History has it that a man who got lost discovered gold in the Plumas County region. A '49er of questionable intelligence and integrity named Stoddard had gone hunting one day and promptly lost his way. His wagon train not willing to wait, he and a companion were left to fend for themselves. In their wanderings, they chanced upon a lake and discovered gold in the sands, theirs for the taking. With winter approaching, however, the men had more pressing needs and decided that the riches of their "Gold Lake" would have to wait until the spring.
    Stoddard spent the winter of 1849-50 visiting the gold camps of Nevada City, Grass Valley, and Downieville, all the while telling magnificent stories of his "Gold Lake" just waiting to be rediscovered. "The Gold Lake Excitement," as it came to be known, was not altogether convincing to many, but by the spring of 1850 Stoddard had a hand-picked party of 25 miners ready to accompany him back up to the high country along old Maidu Indian trails in search of the lost lake of gold.
    Over a month of searching got them nowhere, and many of the party lost faith in their leader Stoddard. By June they issued an ultimatum that Stoddard took as a threat and he stole out of camp one night, this time not getting lost as he made his way out of the region. The rest of the party, deciding to head back homeward, stopped to pan for gold in the streams along the way. They were not disappointed. Although they did not discover the famous Gold Lake of Stoddard's tales, they did discover a number of placer streams and many of the party were richly rewarded for their efforts. Too ill equipped to last the winter in the high country, they journeyed to the Central Valley to stay the winter and plan a return to the region with the spring thaw.
    The spring of 1851 saw the original group return, along with a group of nine additional miners following. Not finding much panning room along the streams, the nine decided to cross the crest of the mountains. Setting up camp in the shadow of a mountain, along a creek on the east side of the crest, two members of the nine set off to inspect the surrounding terrain. What they found was nothing less than miraculous. The two men, Meriwether and Peck, had stumbled across an exposed ledge of rose quartz about 20 feet wide that slanted uphill about 400 feet. The ledge was full of gold.
    The fortunate nine sent word of the discovery along the trails to men still panning the creeks, and within days, by June 5, 1851, the Eureka Company was formed with 36 men. A flood of people followed and the rush to Eureka Peak had begun. The creek was named Jamison Creek and more surveying and prospecting begun. 76 men came together to form the Washington and '76 Mine Company, laying claim to another outcropping not far from the Eureka. A half-mile south, 40 more began the Rough and Ready Mine. To the north, another 80 men started the Mammoth Mine. Within a month of the Eureka discovery, Eureka Peak was being blasted and tunneled in a series of claims along its surface.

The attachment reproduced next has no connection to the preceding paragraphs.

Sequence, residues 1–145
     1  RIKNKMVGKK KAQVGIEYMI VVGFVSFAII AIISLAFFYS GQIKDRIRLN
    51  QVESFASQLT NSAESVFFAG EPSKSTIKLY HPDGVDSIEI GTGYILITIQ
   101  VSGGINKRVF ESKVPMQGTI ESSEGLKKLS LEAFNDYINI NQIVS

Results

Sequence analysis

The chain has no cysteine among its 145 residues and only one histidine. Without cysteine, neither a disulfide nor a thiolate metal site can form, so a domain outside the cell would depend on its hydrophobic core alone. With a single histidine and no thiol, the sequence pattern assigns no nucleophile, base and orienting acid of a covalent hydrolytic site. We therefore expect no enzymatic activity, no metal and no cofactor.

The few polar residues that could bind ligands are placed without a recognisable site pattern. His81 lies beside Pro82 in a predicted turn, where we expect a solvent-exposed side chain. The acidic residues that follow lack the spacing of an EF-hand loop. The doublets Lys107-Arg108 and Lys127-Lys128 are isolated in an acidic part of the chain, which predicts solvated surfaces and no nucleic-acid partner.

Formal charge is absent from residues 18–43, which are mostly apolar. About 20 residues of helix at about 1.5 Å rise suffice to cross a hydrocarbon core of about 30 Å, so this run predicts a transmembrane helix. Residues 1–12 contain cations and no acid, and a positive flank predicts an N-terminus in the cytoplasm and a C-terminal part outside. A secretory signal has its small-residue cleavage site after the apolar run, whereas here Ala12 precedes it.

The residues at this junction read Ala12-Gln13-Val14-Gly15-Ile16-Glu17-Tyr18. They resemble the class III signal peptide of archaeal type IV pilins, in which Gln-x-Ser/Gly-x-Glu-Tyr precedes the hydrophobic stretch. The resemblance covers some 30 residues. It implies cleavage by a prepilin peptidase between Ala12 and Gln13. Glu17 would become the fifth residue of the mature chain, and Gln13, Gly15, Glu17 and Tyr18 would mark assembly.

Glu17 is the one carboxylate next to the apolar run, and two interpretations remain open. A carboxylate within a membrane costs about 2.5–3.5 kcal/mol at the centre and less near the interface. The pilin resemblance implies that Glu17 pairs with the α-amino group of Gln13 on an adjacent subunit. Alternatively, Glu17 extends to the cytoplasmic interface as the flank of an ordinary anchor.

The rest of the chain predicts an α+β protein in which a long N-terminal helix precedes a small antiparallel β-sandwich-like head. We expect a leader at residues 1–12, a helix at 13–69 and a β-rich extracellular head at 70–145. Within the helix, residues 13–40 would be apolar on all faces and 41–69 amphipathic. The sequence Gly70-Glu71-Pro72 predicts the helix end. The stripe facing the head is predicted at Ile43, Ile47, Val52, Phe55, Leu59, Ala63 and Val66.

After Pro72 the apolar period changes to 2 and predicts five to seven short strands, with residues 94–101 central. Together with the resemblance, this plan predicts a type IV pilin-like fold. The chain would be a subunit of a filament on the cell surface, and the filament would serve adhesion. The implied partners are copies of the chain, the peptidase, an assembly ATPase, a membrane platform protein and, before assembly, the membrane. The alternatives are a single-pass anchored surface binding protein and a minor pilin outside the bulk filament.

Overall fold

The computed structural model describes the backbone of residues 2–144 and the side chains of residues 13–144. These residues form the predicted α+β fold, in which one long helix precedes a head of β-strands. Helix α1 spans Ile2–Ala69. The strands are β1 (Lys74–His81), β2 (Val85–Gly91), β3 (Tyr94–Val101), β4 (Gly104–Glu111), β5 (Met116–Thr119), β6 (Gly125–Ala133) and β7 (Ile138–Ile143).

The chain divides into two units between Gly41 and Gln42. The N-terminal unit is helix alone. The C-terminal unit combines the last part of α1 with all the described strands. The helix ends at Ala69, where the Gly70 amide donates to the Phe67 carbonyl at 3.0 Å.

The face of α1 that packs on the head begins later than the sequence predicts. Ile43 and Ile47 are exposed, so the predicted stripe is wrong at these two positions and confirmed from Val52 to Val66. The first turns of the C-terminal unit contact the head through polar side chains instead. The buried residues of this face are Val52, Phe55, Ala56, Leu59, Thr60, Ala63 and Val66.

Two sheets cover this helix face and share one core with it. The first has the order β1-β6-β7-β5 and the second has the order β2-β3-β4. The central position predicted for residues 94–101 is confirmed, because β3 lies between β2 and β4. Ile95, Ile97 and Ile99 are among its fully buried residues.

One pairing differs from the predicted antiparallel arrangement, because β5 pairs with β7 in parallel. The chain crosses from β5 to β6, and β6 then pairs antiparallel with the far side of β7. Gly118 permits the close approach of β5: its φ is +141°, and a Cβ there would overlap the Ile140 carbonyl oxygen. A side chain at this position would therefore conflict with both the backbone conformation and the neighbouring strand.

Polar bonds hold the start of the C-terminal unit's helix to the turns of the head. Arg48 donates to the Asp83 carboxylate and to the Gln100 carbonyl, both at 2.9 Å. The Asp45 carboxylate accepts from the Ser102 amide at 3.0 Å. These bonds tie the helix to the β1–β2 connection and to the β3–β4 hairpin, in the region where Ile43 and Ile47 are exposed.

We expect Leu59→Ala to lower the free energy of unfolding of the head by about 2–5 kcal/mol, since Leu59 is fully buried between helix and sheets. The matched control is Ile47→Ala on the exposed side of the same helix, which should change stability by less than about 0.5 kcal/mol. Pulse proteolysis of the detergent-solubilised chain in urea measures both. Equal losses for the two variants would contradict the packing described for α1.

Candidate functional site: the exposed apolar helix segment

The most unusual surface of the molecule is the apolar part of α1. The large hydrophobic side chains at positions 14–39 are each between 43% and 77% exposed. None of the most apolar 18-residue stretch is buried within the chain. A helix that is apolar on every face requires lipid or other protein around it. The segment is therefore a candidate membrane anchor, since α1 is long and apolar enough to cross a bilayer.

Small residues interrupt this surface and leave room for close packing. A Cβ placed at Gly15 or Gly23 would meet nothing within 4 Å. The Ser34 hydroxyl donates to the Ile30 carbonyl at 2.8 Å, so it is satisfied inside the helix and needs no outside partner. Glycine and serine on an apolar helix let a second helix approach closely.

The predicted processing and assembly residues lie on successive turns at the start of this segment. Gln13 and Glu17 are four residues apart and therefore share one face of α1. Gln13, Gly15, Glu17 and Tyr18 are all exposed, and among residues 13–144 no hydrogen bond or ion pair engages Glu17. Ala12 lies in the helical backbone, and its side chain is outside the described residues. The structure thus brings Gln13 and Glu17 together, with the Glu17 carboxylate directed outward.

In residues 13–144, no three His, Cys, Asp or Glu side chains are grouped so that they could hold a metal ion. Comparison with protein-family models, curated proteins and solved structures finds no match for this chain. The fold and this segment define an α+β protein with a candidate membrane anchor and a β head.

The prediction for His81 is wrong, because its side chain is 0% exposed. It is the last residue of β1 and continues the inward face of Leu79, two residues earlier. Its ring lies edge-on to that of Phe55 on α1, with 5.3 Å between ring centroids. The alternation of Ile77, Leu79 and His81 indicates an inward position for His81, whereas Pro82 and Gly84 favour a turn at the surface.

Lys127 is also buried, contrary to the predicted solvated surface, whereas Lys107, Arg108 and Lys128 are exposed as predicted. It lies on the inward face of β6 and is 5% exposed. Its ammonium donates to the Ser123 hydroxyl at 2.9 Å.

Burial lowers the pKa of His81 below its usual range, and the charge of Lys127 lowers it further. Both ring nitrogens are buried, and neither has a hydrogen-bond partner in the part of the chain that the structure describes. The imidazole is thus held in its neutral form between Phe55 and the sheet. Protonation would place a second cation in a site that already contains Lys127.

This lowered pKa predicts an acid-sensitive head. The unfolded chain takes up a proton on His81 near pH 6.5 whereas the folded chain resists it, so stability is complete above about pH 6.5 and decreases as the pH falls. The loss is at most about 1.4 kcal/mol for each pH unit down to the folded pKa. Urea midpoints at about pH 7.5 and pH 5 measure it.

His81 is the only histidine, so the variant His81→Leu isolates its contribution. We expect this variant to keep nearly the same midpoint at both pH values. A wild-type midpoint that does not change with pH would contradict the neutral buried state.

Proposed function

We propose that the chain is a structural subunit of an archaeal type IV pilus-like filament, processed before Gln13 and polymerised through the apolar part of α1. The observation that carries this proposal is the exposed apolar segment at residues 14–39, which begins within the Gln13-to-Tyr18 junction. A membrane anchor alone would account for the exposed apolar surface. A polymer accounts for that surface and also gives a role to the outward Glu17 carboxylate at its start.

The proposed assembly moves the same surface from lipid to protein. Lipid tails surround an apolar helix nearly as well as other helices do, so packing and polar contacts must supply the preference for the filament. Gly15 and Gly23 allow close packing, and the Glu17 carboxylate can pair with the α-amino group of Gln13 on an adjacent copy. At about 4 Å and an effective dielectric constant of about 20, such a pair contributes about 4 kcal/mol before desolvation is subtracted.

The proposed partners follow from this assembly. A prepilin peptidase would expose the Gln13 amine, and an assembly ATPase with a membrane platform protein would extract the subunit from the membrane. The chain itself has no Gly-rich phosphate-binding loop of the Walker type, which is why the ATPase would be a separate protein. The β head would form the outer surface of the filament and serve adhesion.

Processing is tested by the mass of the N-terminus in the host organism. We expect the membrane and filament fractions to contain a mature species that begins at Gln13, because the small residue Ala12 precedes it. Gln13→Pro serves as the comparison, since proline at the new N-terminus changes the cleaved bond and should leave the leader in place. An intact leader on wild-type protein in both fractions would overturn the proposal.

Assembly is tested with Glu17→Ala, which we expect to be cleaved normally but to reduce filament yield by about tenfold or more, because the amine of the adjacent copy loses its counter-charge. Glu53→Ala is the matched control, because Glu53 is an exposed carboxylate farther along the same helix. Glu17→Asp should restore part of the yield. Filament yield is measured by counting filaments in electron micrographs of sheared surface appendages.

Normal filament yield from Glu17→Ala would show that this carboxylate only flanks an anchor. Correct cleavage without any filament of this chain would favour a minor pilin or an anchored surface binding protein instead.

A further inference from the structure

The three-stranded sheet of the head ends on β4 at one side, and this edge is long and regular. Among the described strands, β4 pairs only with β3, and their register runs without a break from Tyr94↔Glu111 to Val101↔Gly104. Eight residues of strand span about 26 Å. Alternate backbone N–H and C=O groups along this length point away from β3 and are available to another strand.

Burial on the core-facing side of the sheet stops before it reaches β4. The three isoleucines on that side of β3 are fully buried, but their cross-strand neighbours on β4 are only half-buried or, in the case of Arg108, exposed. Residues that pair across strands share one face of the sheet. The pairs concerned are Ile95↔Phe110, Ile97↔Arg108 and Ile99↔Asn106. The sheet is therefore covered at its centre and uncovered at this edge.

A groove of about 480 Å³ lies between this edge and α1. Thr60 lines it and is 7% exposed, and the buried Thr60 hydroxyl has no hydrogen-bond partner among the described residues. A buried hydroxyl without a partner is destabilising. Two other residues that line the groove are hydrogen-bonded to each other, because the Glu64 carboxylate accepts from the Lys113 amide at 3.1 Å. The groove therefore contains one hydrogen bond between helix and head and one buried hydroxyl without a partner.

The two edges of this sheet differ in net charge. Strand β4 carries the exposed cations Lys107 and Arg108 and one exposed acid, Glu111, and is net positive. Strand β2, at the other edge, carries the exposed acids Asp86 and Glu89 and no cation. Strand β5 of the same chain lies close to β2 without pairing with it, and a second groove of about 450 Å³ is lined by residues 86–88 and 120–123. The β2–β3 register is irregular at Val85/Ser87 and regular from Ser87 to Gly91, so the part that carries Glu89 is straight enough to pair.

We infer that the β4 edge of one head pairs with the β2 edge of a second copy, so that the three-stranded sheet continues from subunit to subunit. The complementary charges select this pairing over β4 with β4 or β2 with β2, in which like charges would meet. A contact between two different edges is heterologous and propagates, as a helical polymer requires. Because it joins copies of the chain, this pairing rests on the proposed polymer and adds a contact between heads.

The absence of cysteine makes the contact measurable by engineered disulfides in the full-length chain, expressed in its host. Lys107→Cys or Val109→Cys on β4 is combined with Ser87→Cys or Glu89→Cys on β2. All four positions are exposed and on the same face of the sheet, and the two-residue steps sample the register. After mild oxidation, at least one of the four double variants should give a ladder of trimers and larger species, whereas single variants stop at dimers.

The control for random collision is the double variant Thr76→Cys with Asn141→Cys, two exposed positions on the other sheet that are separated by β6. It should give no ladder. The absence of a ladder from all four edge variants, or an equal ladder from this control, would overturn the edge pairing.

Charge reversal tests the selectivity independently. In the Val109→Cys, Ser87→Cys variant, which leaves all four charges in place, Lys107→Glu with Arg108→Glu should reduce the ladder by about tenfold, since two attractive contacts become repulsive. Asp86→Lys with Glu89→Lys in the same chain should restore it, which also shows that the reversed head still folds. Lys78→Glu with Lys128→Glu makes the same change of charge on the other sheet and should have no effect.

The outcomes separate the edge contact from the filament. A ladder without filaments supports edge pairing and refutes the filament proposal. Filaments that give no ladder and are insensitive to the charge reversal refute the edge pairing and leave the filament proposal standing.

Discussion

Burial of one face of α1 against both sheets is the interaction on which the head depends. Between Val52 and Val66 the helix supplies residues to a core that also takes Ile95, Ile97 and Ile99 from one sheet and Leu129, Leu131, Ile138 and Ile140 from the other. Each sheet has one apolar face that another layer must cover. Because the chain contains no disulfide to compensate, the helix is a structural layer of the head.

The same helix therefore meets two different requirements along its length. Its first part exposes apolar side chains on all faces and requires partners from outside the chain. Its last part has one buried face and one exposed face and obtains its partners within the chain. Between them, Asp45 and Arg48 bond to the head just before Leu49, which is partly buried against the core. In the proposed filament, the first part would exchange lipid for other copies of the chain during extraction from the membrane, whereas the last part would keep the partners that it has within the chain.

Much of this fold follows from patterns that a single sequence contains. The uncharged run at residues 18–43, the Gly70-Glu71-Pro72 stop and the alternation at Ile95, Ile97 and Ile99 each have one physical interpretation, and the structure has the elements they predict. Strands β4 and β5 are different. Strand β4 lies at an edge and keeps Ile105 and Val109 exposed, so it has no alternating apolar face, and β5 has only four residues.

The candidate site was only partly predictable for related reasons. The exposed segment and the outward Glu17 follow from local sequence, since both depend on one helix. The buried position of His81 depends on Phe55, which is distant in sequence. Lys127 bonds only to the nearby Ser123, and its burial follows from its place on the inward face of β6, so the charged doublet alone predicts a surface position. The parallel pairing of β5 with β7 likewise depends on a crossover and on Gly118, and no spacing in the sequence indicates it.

The progress was not easy. Of the four mines established that June of 1851, two put far too much capital into infrastructure and the failure to gather enough gold-bearing ore the first year left them insolvent. The '76 Mine had invested heavily in an expensive stamp mill near Jamison Creek and a wooden chute over 1500 feet long to bring the ore down the mountain. They also developed a small town, the City of '76. When the following spring's ore produced only $200 in gold the mine folded, the company disbanded, and assets were sold for cash, with only a handful of men willing to stay and work the claim. The Rough and Ready also lived up to its name, investing in its own mill and suffering through a series of starts and stops. While the claim was worked until 1854 with meager success, the company eventually disbanded, leaving its claims unworked for many years.
    The men of both the Mammoth and Eureka Mines persisted, however, and their persistence eventually brought its rewards. Not invested in the overhead of the other two companies, relying on rudimentary tools and learning from the experiences of miners from other regions, the companies both built arrastras, mule-driven grinding facilities that were a less expensive means to pulverize and pull the gold from the ore, a slower but wiser process. The arrastras were used until the blasted ores produced enough revenue to merit the building of stamp mills, although use of the arrastras did not cease entirely.